Joint-stock company


Joint-stock company

A joint-stock company (JSC) is a type of corporation or partnership involving two or more individuals that own shares of stock in the company. Certificates of ownership ("shares") are issued by the company in return for each financial contribution, and the shareholders are free to transfer their ownership interest at any time by selling their shareholding to others.

In Modern company law the existence of a joint-stock company is often synonymous with incorporation (i.e. possession of legal personality separate from shareholders) and limited liability (meaning that the shareholders are only liable for the company's debts to the value of the money they invested in the company). And as a consequence joint-stock companies are commonly known as corporations or limited companies.

Some jurisdictions still provide the possibility of registering joint-stock companies without limited liability. In the United Kingdom and other countries which have adopted their model of company law, these are known as unlimited companies. In the United States they are, somewhat confusingly known as joint-stock companies.

Contents

Advantages

Ownership of stock confers a large number of privileges. The company is managed on behalf of the shareholders by a Board of Directors, elected at an Annual General Meeting. The shareholders also vote to accept or reject an Annual Report and audited set of accounts. Individual shareholders can sometimes stand for directorships within the company, should a vacancy occur, but this is uncommon.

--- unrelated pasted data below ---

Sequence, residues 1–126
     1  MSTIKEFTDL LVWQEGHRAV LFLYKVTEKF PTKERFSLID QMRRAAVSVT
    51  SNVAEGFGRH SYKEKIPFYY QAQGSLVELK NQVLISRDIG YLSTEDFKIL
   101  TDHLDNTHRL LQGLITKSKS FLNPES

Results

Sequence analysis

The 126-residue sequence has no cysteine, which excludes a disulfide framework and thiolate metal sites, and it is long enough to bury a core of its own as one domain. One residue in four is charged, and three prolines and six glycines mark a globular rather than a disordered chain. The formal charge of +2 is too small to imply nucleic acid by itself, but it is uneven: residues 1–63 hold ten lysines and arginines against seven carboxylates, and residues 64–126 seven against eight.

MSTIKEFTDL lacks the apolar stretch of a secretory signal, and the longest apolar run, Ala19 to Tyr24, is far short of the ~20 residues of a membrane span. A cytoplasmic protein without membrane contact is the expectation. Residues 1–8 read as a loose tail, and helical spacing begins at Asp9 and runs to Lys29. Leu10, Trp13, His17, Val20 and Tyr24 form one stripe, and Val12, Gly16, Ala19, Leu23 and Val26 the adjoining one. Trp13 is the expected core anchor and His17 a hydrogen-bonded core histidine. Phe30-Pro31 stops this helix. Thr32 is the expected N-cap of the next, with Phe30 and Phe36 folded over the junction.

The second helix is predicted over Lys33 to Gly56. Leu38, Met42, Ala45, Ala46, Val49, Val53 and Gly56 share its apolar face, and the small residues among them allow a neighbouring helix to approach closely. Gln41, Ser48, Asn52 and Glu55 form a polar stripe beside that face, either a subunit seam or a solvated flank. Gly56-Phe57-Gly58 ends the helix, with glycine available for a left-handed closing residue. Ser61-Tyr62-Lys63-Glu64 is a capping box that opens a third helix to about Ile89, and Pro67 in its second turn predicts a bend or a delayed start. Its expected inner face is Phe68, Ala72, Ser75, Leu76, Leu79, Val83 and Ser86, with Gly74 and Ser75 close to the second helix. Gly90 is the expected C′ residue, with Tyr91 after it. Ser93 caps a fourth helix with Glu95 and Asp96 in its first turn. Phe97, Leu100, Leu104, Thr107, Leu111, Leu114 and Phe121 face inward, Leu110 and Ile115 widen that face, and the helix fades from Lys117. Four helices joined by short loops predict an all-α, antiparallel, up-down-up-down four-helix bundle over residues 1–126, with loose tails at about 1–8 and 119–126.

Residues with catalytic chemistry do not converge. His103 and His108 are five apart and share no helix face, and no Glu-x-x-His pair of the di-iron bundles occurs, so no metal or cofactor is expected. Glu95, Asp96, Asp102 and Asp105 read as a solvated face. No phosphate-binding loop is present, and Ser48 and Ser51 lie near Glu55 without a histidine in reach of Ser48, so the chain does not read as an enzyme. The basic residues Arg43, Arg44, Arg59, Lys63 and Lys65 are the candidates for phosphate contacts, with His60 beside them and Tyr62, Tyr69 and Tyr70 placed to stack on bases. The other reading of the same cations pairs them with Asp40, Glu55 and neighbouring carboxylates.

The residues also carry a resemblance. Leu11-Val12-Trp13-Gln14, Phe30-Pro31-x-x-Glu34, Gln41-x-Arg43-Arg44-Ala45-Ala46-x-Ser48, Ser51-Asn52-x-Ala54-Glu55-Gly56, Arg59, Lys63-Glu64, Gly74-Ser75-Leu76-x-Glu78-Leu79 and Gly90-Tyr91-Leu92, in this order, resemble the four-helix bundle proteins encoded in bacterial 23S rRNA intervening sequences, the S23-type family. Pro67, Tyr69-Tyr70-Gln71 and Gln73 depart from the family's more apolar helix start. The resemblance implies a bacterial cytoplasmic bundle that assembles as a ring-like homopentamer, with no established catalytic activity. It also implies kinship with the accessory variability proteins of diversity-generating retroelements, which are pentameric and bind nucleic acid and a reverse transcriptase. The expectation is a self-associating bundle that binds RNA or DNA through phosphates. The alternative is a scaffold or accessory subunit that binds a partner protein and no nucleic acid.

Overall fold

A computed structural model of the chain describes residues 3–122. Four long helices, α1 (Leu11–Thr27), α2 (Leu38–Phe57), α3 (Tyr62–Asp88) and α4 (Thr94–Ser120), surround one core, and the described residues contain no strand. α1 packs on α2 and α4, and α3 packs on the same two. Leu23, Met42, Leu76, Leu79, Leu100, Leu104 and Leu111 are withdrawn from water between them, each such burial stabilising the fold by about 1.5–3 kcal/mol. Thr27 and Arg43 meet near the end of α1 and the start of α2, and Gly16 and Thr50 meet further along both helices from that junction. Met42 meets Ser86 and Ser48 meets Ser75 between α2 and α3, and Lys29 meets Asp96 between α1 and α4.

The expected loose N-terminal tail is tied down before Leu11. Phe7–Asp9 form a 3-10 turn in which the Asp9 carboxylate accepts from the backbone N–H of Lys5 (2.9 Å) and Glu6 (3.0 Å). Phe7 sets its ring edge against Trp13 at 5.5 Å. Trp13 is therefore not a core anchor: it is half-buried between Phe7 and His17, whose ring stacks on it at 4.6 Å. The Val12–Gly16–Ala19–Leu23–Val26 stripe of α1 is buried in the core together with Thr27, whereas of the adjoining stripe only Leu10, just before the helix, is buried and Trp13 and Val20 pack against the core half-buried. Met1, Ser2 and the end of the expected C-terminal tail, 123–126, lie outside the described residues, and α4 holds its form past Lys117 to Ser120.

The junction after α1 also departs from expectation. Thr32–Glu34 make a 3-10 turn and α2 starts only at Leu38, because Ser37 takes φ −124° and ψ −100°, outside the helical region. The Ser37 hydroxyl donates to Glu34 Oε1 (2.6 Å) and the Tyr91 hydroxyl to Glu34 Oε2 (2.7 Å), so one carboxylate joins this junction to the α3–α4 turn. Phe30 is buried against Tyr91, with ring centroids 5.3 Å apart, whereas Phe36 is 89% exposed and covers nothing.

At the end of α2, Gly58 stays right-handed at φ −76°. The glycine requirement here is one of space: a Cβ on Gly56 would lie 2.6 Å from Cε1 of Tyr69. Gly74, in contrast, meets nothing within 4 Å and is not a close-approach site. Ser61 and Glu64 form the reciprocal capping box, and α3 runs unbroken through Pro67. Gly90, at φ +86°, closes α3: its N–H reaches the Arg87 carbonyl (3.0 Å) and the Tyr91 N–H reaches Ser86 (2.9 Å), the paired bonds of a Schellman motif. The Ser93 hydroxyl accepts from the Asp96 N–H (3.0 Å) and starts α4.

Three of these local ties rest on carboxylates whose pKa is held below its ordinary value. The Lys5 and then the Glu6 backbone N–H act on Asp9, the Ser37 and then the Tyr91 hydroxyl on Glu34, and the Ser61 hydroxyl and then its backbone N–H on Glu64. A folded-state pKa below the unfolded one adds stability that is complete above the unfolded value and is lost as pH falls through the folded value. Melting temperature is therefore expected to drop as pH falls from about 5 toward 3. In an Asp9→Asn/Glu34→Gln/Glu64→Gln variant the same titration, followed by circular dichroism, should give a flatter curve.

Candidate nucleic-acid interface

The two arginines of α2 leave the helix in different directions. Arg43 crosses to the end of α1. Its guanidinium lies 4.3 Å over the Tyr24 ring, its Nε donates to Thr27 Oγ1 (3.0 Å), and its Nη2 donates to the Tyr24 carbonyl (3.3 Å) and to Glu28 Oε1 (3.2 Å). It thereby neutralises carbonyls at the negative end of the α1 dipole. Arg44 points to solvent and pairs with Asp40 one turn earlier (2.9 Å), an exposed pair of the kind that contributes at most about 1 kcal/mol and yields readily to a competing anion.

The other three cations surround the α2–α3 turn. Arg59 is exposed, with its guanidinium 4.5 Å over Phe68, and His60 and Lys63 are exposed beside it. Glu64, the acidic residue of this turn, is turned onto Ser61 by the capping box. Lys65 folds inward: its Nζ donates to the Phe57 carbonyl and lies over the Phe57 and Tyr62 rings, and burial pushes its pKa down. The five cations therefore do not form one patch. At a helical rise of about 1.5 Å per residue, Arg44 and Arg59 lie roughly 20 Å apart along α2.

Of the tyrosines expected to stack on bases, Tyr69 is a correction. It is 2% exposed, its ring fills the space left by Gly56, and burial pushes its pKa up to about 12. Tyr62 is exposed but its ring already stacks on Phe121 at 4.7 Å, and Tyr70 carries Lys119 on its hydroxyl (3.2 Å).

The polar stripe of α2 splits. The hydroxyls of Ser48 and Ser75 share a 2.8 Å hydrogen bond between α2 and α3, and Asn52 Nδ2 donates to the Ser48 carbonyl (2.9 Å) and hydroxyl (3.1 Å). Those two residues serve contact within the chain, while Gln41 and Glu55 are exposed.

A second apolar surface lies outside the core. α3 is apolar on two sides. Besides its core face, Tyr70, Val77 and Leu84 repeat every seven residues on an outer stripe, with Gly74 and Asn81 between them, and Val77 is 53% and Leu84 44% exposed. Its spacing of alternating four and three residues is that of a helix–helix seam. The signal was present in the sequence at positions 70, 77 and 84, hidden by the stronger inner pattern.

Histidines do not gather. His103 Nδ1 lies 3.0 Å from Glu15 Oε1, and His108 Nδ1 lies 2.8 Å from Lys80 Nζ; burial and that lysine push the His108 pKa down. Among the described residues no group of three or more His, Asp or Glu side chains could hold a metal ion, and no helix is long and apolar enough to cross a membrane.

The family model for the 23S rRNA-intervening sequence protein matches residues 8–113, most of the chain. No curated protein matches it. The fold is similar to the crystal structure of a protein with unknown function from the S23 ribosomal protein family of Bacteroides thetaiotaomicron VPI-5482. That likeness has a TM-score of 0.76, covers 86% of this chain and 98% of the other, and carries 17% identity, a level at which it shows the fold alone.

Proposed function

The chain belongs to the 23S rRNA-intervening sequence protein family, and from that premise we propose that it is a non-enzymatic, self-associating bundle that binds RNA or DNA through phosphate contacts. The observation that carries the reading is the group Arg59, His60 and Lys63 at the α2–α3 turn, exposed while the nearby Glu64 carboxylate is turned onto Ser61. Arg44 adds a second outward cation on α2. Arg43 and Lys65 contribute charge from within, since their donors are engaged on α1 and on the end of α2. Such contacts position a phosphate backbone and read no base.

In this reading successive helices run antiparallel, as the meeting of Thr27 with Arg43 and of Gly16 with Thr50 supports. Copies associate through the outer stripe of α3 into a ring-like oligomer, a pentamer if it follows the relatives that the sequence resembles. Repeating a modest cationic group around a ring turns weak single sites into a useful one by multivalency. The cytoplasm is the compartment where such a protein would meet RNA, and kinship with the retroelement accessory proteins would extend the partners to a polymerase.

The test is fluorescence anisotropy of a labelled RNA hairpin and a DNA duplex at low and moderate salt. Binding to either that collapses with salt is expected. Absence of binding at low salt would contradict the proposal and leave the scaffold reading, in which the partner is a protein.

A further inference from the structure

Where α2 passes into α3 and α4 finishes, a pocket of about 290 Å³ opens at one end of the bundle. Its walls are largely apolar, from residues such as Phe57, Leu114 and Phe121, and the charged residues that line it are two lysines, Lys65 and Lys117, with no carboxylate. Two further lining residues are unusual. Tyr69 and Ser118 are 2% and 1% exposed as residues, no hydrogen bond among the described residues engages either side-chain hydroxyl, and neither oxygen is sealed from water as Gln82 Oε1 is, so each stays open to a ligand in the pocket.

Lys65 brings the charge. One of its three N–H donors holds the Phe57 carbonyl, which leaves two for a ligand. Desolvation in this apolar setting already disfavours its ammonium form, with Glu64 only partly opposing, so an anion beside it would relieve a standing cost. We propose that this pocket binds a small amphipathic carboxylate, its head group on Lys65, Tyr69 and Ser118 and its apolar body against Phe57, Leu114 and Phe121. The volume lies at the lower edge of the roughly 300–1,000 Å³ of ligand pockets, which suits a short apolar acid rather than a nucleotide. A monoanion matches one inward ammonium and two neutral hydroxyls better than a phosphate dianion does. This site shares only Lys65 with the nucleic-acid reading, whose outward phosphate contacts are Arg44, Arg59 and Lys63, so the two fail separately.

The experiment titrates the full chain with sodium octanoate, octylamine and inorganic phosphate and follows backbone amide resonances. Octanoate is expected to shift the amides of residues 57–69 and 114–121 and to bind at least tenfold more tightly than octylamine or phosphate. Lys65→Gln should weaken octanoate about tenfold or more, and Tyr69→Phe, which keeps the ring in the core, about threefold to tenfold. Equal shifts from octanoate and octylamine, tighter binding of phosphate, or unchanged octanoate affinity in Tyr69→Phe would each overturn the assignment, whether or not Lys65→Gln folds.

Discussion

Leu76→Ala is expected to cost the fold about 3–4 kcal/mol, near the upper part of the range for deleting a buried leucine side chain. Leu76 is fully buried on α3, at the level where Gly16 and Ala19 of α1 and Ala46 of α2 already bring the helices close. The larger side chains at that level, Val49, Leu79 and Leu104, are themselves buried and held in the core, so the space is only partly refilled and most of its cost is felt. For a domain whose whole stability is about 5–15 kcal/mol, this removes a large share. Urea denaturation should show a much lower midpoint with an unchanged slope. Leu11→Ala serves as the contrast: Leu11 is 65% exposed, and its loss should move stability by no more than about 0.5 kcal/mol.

The shareholders are usually liable for any of the company debts that exceed the company's ability to pay. However, the limit of their liability only extends to the face value of their shareholding. This concept of limited liability largely accounts for the success of this form of business organization.

Ordinary shares entitle the owner to a share in the company's net profit. This is calculated in the following way: the net profit is divided by the total number of owned shares, producing a notional value per share, known as a dividend. The individual's share of the profit is thus the dividend multiplied by the number of shares that they own.[1]

Early joint-stock companies

The transfer letter dated 1288 through which bishop Peter of Västerås re-acquires 1/8 of Tiskasjöberg, i.e. Kopparberget. The original can be found at Riksarkivet (National Archive) in Stockholm.

Finding the earliest joint-stock company is a matter of definition. Around 1250 in France at Toulouse, 96 shares of the Société des Moulins du Bazacle, or Bazacle Milling Company were traded at a value that depended on the profitability of the mills the society owned.[2] The Swedish company Stora has documented a stock transfer for 1/8 of the company (or more specifically, the mountain in which the copper resource was available) as early as 1288.

In more recent history, the English were first with joint-stock companies. The earliest recognized company was the English (later British) East India Company, one of the most famous joint-stock companies. It was granted an English Royal Charter by Elizabeth I on December 31, 1600, with the intention of favouring trade privileges in India. The Royal Charter effectively gave the newly created Honourable East India Company (HEIC) a 15-year monopoly on all trade in the East Indies.[3] The Company transformed from a commercial trading venture to one that virtually ruled India as it acquired auxiliary governmental and military functions, until its dissolution.